Jack Portman tells all in his last ever Opinion article

Wake Forest Senior is pro-reform for the University’s parking access and fundamentally against William Poteat


Jack Portman, Senior Writer

This will be the last of the 72 articles I have written for the Old Gold & Black between 2017 and 2021. By way of a grand finale, this article will incorporate a chorus of opinions which, owing to laziness and ill-informedness, I have neglected to address in the Opinion section before. I don’t necessarily intend to elaborate on these opinions here; I will — for the most part — only state them in a single, successive burst resembling a stream-of-conscious dialogue. Some of them are more developed than others, and perhaps more serious than others. Anyhow, here it goes.

I really feel that first-person shooter video games normalize gun violence in some way, I think superhero movies have a similar effect. Wake Forest tricks students into thinking events like D.E.S.K. and Wake n’ Shake are real volunteerism (and even activism), but these events are just a cold, corporate pseudo-philanthropy that are more oriented towards projecting an appearance of community engagement than toward any actual social contribution. Wake Forest is disinterested in pursuing actual political change, locally or nationally (see, for example, President Hatch’s personal political contributions).

Non-human organisms (and even non-animal organisms) should (to a limited degree) possess political rights. There shouldn’t be patents on the COVID-19 vaccines or on other important, life-saving inventions.

The U.S. welfare state systematically disadvantages low-income citizens.

I can’t tell if Colin Powell already delivered his Face-to-Face presentation at the LJVM coliseum or if he will do so at a later date, but if he already has, Wake shouldn’t have invited him. If his presentation is still forthcoming, Wake should cancel it (he is a war criminal!).

William Poteat, who is credited with formulating Wake’s “pro humanitate” motto, was a eugenicist — this calls into question what he means by “for humanity.”

Pinterest is a means by which aesthetics are cultivated and commodified (other media achieve a similar effect).

“Public intellectuals,” from Malcolm Gladwell to Steven Pinker to Gore Vidal, generally aren’t very helpful.

Rent should be canceled at least for the remainder of the pandemic recession.

There is so much room for growth in the realm of iPhone street photography and I think the next Robert Frank will shoot on their iPhone. Also, Sean Baker was a visionary when he shot Tangerine on an iPhone and I’m excited to see this style elaborated.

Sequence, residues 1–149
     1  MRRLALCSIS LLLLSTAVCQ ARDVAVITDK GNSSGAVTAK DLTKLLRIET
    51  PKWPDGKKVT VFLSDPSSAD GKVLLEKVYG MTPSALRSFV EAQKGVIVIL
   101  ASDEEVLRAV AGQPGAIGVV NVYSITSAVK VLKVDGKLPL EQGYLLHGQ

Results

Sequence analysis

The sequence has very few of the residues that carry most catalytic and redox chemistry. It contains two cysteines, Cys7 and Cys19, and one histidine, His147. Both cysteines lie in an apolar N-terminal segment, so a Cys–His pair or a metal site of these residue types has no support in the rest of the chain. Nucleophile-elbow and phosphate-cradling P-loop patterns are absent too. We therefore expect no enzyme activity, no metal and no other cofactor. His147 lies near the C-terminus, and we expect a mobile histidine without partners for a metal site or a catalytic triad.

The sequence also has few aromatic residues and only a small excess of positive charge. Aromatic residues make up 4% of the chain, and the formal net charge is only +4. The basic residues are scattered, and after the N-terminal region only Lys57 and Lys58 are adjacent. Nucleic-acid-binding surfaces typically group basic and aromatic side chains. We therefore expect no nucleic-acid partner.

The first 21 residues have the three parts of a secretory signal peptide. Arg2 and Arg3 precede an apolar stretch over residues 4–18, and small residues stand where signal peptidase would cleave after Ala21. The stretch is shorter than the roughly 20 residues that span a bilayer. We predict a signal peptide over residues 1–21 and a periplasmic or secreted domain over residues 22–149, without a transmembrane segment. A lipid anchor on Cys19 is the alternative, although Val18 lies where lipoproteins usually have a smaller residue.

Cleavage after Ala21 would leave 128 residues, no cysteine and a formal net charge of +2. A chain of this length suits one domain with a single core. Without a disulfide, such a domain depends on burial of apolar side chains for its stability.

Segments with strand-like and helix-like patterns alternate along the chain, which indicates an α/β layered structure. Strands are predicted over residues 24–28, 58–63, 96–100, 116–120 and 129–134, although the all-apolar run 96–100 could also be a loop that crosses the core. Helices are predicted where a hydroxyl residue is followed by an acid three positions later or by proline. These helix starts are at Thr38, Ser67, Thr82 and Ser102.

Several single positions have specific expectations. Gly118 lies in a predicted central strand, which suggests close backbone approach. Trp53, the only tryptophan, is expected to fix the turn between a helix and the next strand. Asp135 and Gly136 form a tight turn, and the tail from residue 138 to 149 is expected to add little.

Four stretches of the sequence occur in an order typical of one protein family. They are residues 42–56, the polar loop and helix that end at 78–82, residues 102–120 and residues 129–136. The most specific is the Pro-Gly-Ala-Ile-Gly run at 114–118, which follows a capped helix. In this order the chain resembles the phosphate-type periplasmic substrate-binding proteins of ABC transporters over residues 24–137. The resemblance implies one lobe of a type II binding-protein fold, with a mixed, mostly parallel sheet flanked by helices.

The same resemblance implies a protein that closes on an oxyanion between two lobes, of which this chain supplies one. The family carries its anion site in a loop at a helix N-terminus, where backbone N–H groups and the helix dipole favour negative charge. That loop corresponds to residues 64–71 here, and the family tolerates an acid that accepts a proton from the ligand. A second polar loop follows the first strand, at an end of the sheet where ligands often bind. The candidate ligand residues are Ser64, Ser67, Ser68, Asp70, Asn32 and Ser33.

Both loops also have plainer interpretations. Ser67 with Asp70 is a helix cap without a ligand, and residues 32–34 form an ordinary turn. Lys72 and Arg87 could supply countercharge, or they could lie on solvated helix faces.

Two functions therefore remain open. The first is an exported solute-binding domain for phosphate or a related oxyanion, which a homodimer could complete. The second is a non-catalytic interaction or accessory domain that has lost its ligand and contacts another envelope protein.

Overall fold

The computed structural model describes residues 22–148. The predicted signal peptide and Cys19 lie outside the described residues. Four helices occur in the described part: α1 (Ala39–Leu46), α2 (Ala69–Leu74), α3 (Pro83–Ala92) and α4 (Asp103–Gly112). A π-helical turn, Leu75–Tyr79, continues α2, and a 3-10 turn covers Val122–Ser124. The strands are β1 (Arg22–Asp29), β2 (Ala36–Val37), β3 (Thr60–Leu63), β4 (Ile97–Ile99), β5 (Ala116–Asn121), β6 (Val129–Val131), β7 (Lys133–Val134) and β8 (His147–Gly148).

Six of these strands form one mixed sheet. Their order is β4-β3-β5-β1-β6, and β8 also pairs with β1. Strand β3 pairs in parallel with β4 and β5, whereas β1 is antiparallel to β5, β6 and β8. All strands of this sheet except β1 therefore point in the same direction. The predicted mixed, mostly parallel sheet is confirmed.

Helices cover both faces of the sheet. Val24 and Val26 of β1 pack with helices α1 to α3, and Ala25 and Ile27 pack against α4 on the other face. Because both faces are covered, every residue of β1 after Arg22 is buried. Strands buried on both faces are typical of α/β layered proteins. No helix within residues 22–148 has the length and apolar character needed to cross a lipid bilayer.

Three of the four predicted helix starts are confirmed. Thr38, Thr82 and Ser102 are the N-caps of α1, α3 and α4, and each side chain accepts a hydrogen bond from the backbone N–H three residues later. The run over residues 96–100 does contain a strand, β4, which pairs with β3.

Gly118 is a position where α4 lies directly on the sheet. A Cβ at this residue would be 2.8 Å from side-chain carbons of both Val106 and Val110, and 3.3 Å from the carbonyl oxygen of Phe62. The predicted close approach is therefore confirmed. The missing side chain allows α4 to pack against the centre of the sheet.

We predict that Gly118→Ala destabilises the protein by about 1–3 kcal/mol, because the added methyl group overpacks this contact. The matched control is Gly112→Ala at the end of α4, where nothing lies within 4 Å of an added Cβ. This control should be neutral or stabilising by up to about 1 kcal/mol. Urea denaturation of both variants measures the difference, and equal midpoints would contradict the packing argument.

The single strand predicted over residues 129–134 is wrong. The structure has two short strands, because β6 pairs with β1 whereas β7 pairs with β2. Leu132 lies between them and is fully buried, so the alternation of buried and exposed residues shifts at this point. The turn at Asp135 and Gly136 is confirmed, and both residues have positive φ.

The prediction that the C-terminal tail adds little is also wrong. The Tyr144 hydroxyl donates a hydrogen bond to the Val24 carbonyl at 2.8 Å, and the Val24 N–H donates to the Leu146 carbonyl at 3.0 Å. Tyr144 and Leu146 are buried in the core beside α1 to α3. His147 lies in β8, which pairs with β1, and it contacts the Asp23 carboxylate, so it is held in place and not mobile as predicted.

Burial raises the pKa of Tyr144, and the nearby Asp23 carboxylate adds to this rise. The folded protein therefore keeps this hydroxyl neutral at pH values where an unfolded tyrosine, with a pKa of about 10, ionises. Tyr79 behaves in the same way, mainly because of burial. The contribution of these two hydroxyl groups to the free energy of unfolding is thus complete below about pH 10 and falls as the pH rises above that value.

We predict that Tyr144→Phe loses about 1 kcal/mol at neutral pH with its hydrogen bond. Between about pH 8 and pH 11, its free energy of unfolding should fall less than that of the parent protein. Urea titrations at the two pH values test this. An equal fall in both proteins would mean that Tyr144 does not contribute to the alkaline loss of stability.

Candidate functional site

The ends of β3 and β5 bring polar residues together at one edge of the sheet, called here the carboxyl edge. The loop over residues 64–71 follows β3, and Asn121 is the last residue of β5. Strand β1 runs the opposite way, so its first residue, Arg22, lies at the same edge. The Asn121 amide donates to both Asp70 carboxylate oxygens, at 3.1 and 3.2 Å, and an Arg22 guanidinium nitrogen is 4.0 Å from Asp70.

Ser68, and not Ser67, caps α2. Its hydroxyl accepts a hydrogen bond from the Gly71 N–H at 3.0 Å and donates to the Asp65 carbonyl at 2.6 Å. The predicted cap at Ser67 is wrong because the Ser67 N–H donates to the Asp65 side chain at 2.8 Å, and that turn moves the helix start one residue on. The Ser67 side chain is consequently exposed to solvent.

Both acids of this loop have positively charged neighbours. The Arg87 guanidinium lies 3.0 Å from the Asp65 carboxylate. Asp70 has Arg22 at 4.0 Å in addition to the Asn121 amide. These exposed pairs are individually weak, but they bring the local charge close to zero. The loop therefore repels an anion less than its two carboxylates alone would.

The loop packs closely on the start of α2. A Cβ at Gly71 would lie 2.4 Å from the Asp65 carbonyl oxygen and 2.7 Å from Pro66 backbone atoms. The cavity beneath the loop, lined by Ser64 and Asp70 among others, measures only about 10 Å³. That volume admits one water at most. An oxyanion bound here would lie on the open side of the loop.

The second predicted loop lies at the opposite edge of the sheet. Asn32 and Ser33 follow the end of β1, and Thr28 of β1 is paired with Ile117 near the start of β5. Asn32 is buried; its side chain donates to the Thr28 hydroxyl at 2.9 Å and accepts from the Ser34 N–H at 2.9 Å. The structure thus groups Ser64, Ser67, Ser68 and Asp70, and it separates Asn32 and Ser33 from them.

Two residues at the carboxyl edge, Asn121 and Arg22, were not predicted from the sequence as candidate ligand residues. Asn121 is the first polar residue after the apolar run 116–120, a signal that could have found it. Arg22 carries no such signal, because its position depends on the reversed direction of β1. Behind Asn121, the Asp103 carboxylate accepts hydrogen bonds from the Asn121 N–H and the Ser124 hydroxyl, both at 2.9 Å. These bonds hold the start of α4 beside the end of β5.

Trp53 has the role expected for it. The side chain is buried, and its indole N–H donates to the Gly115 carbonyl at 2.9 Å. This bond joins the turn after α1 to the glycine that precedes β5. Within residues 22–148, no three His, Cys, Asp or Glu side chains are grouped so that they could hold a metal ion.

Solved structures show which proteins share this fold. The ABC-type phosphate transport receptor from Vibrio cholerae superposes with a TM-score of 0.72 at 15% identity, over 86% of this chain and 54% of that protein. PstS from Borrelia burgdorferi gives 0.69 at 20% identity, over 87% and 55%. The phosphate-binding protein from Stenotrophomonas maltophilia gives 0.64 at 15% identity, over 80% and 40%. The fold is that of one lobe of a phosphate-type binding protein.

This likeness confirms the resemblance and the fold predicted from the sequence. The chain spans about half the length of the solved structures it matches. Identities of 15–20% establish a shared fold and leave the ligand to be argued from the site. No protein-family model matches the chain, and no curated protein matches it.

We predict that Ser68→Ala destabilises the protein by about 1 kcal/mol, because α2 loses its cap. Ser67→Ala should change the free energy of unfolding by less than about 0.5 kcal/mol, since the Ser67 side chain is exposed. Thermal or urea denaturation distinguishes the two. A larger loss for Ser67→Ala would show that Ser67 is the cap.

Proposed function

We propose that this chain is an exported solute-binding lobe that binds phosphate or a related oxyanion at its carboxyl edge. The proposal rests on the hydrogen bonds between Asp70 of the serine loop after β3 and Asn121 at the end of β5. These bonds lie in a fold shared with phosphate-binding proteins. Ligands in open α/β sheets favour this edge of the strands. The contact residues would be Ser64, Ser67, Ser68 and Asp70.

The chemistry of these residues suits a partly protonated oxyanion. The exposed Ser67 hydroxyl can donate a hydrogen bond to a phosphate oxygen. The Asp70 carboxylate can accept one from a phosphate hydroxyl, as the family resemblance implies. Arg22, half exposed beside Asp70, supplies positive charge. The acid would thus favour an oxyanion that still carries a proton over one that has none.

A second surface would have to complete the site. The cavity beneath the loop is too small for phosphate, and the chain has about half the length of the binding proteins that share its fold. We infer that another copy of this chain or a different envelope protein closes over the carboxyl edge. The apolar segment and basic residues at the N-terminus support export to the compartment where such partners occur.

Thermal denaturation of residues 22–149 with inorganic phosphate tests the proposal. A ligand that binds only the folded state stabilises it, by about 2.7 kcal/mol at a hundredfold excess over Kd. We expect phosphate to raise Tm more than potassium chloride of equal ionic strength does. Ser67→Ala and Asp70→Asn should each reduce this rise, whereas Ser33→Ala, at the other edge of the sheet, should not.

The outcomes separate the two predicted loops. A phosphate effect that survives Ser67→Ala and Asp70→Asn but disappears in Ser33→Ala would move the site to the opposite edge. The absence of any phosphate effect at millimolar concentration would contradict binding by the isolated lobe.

The fields of Anthropology and Political Science need to accommodate each other’s theories and perspectives to a greater extent than they already do.

Higher education is racist and classist (this goes without saying, but I never wrote a piece explicitly about this topic).

More academics should embrace activism. Lifestyle changes at the individual level won’t stave off climate change and environmental degradation (that many people believe this to be the case seems to be a result of ideological shortcomings). The U.S. should guarantee paid maternity leave. Standardized tests fail to assess exactly what they are intended to assess. Political commentators have fundamentally misconstrued the meaning and implications of socialism. Wake currently hires off-duty Winston Salem police officers as contractors — they should not do so. Parking access for students should be expanded on Wake’s campus, and ticketing for parking violations should be less punitive. Expanding investment in the community should be an important component of the university’s efforts to reconcile with its history of racism, especially since the university explicitly sought to exclude Black students from the academy — only reconciling with this history within the academy is unproductive.

These and other opinions might have been developed into a variety of nice articles  had I the time to do so. Regardless, writing and working for the Old Gold & Black was an instructive and rewarding experience, and if you haven’t already, I recommend submitting an Opinion piece of your own in the near future.